Wednesday, February 8, 2017 | Airman 1st Class Jonathan McElderry, DVIDS
Suicide TALK for Youth is a program that gives young teens at Minot Air Force Base a way to reach out to others when struggling with suicidal thoughts.
Maj. Lance Giannone, 5th Bomb Wing wing chaplain, said the purpose of the class is to help mitigate suicides for youth and emphasize the importance of kids talking about their feelings if they are struggling with suicidal concerns.
“The program helps our youth understand that it’s not dangerous or taboo to talk about suicide while giving them a venue to discuss their own personal struggles or opinions with a parent and a peer group in a safe environment,” said Capt. Jason Raines, 5th Bomb Wing chaplain.
Giannone also mentioned how Suicide TALK for Youth offers open discussions about suicide awareness while providing resources for those who want someone to talk to.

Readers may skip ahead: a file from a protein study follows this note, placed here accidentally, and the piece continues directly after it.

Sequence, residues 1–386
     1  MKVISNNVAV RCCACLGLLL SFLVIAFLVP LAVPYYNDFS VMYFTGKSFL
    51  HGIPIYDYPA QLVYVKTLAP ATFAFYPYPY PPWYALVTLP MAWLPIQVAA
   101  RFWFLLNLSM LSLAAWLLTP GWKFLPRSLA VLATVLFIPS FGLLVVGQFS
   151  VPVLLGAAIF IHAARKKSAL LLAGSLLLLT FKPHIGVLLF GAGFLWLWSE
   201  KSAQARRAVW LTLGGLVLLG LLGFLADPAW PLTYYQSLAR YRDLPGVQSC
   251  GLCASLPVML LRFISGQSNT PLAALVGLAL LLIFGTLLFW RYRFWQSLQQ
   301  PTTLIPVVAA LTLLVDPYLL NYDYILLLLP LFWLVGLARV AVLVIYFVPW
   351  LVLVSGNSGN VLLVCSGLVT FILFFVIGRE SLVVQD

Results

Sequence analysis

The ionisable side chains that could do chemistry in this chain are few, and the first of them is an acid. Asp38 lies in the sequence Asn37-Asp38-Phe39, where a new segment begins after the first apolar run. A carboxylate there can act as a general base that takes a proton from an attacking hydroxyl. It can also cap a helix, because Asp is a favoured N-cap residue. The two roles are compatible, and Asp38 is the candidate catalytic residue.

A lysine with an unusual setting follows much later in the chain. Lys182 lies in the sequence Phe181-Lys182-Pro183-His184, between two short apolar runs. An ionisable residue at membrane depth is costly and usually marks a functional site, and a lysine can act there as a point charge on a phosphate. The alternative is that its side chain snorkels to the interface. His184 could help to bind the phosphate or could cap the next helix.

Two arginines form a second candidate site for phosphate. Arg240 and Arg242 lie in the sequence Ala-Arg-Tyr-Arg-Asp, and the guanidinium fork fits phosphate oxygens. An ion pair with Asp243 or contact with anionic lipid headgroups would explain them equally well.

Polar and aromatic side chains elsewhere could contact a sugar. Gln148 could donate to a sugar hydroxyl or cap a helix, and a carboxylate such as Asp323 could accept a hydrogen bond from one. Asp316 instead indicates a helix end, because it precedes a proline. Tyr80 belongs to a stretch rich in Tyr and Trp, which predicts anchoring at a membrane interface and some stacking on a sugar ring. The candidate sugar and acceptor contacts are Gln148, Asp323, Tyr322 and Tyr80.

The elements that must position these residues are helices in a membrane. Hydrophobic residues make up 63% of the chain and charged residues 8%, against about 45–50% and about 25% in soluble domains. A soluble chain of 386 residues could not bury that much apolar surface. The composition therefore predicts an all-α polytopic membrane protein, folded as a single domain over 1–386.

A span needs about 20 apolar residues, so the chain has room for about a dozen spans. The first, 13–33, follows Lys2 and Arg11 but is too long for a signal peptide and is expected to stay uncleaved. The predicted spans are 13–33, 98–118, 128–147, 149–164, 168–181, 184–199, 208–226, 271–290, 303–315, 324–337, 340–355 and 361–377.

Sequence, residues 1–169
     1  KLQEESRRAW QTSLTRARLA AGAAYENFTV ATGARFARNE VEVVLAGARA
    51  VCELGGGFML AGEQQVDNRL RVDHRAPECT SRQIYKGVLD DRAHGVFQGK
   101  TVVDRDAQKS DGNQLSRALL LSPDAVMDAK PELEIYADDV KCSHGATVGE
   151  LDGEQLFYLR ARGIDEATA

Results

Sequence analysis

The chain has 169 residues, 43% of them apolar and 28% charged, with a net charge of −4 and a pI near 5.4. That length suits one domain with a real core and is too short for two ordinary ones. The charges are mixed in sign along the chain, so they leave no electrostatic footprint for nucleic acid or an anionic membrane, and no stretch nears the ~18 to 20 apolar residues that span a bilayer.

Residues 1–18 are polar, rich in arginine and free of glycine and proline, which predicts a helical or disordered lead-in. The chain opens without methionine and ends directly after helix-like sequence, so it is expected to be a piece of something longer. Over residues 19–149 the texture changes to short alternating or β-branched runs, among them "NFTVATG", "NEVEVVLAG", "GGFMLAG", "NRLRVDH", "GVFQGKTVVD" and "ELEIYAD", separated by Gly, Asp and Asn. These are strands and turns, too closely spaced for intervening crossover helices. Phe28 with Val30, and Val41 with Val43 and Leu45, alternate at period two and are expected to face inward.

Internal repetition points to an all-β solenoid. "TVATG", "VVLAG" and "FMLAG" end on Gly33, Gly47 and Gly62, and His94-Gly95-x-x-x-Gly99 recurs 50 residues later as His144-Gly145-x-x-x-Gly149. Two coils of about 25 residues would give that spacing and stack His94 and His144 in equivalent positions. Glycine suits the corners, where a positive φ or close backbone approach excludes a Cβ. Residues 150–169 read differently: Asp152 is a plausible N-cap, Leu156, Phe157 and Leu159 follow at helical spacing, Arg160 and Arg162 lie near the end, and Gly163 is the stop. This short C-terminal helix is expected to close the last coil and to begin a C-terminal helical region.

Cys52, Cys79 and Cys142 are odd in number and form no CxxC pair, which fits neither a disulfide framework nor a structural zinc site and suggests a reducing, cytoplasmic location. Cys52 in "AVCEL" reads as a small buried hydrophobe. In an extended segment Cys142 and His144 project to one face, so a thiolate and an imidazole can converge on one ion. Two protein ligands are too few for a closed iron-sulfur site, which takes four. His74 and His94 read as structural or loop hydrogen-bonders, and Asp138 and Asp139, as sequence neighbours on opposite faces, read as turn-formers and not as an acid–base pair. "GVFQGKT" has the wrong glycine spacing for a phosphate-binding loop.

“We give youth the opportunity to discuss their feelings about suicide,” Giannone said. “It helps us bring awareness to them along with ways to intervene and help them understand that suicide is preventable.”
Led by chaplains, the program also includes involvement from other organizations like the Key Spouses program, the Memorial Middle School faculty, the Youth Center and the Airman and Family Readiness Center.
Giannone said a parent is required to go with the youth who attends the program, which helps provide a safe place for the youth and hopefully an opportunity for them to discuss this sensitive topic in a somewhat relaxed atmosphere.
“We let them know that help is out there and there are a lot of different people the youth can reach out to,” Giannone added. “It can be a parent, it can be a best friend.”
Raines mentioned that the program not only helps inform youth, but their parents as well.
“We educate parents about the looming effects of suicide on their teens, we educate teens on how to deal and cope with feelings of suicide and how to talk about it and we equip them with resources to say, ‘If I am in a dark place, who can I go to?’,” Raines said.
Giannone also noted how the first meeting was a success.
“Feedback from parents of the youth has been overwhelmingly positive,” Giannone said. “The biggest takeaway from the Suicide TALK for Youth meeting in December was that we had two youth come forward and discuss concerns.”
The meetings are approximately an hour long and take place at the Northern Lights Chapel. The ages of the attending youth is up to the discretion of their parents.